Editor's note: This letter was written in response to Sen. Martin Heinrich's opinion piece that was published in El Defensor Chieftain on March 29.
Dear Senator Heinrich: I was saddened to read the opinion published in El Defensor Chieftain on March 29. It appears that you may have been misled about the true nature of the project and of its current standing.
To begin with, I feel it is important you know that the current opposition to the project is not about saving a natural resource from the rapacious hands of an amoral billionaire. Instead its objective is to deny Augustin Plains Ranch, a corporate citizen of New Mexico for more than 40 years, of its right to a hearing as per the New Mexico constitution.
But worse yet, the opposition is depriving New Mexico citizens of a potentially game changing new water resource which would spur job growth and provide critical environmental relief to the Rio Grande.
Currently all the water used for the economy of the Rio Grande valley, which is by far the primary job creator in the State, comes directly or indirectly from the river. This has put enormous stress on the environment.
Several biological opinions clearly show that fish is endangered and wetlands are at risk. It is no secret that the water supply is under threat, and with it New Mexico’s agriculture and industry. Global warming models point to a decrease in snowfall (It didn’t snow this year). Texas is suing the state for a large amount of Rio Grande water and has already won several rounds in court.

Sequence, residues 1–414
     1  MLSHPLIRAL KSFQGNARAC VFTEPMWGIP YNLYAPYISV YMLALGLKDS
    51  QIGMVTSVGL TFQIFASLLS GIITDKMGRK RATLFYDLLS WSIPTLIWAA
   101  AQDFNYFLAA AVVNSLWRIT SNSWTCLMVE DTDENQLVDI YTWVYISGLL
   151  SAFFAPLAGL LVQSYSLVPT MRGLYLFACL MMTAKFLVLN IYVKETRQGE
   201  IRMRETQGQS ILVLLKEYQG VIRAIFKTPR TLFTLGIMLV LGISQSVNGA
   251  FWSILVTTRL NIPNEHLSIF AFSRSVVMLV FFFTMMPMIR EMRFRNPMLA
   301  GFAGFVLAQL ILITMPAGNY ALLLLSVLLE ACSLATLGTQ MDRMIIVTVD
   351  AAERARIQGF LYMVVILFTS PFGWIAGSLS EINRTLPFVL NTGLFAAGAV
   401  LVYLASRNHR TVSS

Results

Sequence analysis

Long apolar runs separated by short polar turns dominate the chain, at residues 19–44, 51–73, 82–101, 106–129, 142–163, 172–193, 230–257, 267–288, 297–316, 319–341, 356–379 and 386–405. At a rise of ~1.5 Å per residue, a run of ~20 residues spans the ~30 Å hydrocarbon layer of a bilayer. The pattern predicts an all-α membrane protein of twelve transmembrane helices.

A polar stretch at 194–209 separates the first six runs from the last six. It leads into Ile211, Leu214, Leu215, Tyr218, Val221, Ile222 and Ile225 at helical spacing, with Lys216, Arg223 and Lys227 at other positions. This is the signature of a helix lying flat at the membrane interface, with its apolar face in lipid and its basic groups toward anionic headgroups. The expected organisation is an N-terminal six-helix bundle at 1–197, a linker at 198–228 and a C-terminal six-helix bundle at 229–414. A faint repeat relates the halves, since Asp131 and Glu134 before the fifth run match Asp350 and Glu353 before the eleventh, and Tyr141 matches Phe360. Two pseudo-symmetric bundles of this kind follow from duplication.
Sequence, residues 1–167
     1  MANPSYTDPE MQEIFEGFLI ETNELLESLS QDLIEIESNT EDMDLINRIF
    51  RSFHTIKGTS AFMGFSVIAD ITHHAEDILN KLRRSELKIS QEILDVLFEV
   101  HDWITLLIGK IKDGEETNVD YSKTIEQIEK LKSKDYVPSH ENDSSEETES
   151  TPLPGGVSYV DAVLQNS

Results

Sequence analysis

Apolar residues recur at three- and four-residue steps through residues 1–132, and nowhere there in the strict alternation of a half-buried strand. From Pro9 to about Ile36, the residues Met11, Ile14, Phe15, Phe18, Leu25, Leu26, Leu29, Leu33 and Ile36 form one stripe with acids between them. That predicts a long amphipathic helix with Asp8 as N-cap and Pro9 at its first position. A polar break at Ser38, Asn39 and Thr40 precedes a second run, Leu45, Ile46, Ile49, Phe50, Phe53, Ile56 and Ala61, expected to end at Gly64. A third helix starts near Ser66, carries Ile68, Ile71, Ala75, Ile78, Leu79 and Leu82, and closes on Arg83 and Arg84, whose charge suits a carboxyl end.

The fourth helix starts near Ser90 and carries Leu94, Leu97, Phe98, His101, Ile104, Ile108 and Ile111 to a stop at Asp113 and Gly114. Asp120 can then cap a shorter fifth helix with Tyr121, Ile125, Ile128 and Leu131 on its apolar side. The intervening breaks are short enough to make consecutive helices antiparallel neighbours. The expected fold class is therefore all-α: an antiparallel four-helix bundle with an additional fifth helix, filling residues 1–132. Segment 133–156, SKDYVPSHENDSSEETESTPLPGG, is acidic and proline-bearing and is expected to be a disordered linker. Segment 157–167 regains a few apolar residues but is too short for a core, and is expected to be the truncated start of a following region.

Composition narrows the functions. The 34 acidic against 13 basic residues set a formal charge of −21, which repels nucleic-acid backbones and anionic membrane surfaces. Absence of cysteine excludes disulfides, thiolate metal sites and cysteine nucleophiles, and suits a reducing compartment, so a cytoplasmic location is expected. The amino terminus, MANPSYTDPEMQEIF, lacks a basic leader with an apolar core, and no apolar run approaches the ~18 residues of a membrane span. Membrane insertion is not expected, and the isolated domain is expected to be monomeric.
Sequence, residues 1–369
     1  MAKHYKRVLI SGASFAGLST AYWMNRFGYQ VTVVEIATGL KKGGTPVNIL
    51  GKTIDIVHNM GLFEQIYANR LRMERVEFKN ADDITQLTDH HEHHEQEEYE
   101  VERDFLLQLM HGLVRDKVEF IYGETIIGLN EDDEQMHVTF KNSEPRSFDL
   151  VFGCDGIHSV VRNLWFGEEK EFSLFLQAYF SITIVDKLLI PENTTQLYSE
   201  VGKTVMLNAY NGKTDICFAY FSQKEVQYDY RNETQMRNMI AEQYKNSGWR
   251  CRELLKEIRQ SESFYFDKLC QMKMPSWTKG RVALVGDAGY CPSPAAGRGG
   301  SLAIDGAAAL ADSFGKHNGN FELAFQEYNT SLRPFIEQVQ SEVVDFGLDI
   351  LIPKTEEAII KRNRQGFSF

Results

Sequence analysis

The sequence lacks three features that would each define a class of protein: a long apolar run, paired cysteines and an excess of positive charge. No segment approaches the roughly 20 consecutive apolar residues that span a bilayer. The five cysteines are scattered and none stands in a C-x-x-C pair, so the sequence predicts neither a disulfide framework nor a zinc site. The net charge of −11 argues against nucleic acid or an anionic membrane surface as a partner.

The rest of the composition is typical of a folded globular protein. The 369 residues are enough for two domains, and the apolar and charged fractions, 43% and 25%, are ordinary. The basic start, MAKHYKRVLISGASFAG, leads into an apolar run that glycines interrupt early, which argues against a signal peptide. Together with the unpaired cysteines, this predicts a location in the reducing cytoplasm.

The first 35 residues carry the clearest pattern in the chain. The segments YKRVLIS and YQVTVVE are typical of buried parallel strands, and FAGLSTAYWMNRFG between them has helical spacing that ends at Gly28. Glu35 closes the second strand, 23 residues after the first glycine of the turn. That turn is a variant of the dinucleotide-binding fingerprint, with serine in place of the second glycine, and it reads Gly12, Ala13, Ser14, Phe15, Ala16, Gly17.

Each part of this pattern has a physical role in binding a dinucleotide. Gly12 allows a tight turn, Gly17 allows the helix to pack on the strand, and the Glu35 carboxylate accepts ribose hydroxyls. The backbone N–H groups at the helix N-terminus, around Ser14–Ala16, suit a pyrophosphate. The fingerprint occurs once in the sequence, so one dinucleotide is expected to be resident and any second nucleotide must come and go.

Should these threats materialize, a large slice of the State’s economy is at risk.
The continuation of the status quo will only set the state further back, at a time that it is lagging most other states in all economic indicators. What is true of New Mexico is true of Catron County. Between 2010 and 2016, the percentage of the population of the county that is 65 and over climbed from 28 percent to 38 percent, while that of those under 18 decreased from 16 percent to only 12 percent. There are no jobs, and families are leaving. Unless economic development takes place, the county will turn into a retirement home. Your initiative and support for the development of the Facebook data centers are a testimony to your commitment to the economic wellbeing of the state. But data centers and similar industries require cooling which, in turn, requires significant quantities of water.
Where is that water going to come from? New Mexico needs alternative and new water sources. At the same time, sound environmental management demands a decrease in the takings from the river. One way to do that is to better capture the precious rainfall that comes to the state. The Augustin Plains and the aquifer are both hydrologically closed. This provides a unique opportunity to enhance aquifer recharge and produce water without depriving downstream users. This is a major component of our proposal. The time has come for all citizens of New Mexico to leave ideology aside and create science based solutions to its water problems, involving the private and the public sectors and a bi-partisan approach to problem solving.
The project should indeed be scrutinized as the concerns of the local community should not be taken lightly. But squashing scientific discovery, which is the only purpose of the motion currently under evaluation by the State Engineer, is not in the interest of the citizens of New Mexico. I am more than happy to meet with you to discuss all of this in detail.